Laminate cabinets are made from medium-density-laminate or "MDL," which is a composite core with a tough plastic glued to the front and back. This type of material is almost indestructible, but it is prone to loosening of the plastic, particularly along the edges of doors. The majority of the issues are the result of faulty manufacturing, moisture penetration or incidents where the laminate hooks on fabric and pulls loose.
There are two types of laminated cabinets and doors. One type has has a routed mortise or slot around the door or cabinet jamb. The trim molding has a "T" shape with a rounded profile. The bottom of the "T" fits into the slot to secure the strip of molding to the cabinet or door. If this type loosens, all it typically requires is a solid bump with a mallet to seat it back where it belongs. The other type consists of a thin, ribbon-like piece of laminate glued to all four sides of doors or along the edges of cabinets. This type has a flat surface that can have a sharp edge where it's not glued securely and water penetrates or the edge hooks on something.
If the problem is extensive, such as a large percentage of the doors or edges pulled loose, it's usually an issue with manufacturing. If the core of the door or edge of the cabinet has swelled or crumbled, it means moisture has damaged the core. Consult with the dealer for replacements or professional repairs if you're dealing with this issue.
If a few inches of the laminate strip or edging is pulled loose but the majority of it is intact, it doesn't need to be replaced. It's usually possible to glue the strip back on with aerosol trim cement. This type of cement is sticky and bonds on contact. It's as simple as cleaning the old glue and dirt from under the strip, spraying the cement under it and pressing it back into place. For added security, use masking tape to maintain pressure to the repaired area. The glue bonds instantly but it's best to leave the tape on overnight. If the glue oozed out, it can be scraped off the next day with a putty knife.
If the repair is more extensive and most of the laminate is coming off the door, or part of the laminate strip is chipped, the whole piece of trim should be replaced. Heat-activated, plastic ribbon tape can be used for this purpose. It's basically laminate in strip form. After fully cleaning off old glue off the cabinet, cut the new strip with scissors, place it on the door or the edge of a cabinet and use a hot iron to activate the glue on the back. As the glue melts, move the iron a few inches at a time until you've worked around the strip. The tape typically is wider than needed and it should leave a slight lip on both sides. Use a piece of folded sandpaper to remove the lip and blunt the new edges.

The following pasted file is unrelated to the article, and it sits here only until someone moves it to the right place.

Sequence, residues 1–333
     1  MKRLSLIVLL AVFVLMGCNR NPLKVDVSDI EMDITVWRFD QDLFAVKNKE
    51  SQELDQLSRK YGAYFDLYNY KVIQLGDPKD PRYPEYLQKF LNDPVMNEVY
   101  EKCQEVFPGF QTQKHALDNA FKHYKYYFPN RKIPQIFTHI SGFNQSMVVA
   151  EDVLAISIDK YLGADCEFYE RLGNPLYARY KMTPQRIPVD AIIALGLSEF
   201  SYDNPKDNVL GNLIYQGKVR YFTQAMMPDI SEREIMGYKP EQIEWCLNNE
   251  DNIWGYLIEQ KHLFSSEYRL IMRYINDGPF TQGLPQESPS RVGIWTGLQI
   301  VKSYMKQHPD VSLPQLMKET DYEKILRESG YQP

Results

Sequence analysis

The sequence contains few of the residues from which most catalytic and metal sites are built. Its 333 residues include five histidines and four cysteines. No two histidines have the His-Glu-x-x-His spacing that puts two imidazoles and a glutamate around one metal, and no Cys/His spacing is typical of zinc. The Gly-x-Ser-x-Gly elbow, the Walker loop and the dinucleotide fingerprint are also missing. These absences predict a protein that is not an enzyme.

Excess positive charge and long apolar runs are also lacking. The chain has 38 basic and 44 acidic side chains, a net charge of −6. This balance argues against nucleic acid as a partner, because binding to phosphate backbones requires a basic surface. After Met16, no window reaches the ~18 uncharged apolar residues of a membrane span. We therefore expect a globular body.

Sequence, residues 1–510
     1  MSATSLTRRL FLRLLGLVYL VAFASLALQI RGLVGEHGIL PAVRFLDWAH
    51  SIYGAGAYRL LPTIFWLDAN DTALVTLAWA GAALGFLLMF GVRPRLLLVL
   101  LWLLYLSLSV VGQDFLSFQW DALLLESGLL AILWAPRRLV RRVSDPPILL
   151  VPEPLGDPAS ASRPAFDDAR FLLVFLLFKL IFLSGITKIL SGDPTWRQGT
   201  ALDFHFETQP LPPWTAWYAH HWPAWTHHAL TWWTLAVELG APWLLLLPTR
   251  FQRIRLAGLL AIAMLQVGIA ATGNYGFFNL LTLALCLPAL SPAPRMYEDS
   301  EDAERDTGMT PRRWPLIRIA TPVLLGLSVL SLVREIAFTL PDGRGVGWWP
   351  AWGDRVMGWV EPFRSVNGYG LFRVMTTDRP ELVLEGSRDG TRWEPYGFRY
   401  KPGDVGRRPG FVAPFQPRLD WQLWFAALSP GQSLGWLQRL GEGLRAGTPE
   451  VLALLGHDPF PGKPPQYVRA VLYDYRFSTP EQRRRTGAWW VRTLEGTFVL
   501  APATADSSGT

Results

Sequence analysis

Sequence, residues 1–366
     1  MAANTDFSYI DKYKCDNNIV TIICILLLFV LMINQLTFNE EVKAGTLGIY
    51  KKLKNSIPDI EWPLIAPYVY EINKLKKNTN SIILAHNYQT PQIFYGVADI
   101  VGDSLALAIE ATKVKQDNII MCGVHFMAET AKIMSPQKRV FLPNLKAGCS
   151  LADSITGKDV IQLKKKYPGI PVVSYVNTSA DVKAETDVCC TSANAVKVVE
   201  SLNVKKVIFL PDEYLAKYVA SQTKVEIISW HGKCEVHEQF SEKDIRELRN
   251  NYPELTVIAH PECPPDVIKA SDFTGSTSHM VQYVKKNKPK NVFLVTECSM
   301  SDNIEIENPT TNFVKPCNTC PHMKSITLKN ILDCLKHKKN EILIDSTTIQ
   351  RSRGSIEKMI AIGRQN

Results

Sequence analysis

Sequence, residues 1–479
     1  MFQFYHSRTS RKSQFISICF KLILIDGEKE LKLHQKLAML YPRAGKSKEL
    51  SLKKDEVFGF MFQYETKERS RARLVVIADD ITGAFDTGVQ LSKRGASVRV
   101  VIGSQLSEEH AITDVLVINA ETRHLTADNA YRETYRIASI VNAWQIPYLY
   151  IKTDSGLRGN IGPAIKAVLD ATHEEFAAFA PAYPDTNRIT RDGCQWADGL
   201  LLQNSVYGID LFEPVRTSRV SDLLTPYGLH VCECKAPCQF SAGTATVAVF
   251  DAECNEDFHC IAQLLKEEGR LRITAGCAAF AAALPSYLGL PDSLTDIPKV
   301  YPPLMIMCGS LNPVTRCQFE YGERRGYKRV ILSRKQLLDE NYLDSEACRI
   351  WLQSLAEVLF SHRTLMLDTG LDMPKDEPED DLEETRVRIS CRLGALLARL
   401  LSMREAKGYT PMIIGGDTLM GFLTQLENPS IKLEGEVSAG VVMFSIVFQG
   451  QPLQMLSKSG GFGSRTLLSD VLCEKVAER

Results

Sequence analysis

Laminate countertops are prone to loosening, as are door faces when moisture seeps into the joint between two pieces of laminate that meet at 90 degrees. Contact cement works best for repairing this. Contact cement bonds on contact and remains tacky. Pry the loose laminate open and use a wooden block, chisel or small tool to keep the two pieces separated. Scrape off old glue from the laminate and the core with the putty knife. Apply contact cement to the laminate and core, and allow it to dry to the touch -- typically between 15 and 30 minutes. Carefully press the laminate back into place and use a mallet to randomly bump the laminate to bond it to the core. If possible, add small clamps to get a better seal. Allow the cement to dry overnight and scrape off the residual glue with a knife.
Fill cracks, seams and gouges with a small tube of laminate seam filler. This product is specifically made to work like the existing plastic. If your repair job isn't as clean as you would have liked and you still have hairline cracks, inject the seam filler into them. Fill seams and gouges, smooth them with a wet fingertip and allow them to dry.
Laminate cabinets typically are equipped with concealed hinges. Also known as European hinges, they can be adjusted so the cabinet doors fit flush and flat. Two screws on the door side of the hinge allow the door to move left or right. Two screws on the cabinet side allow the door to move up or down. Adjust them as needed to make doors fit better.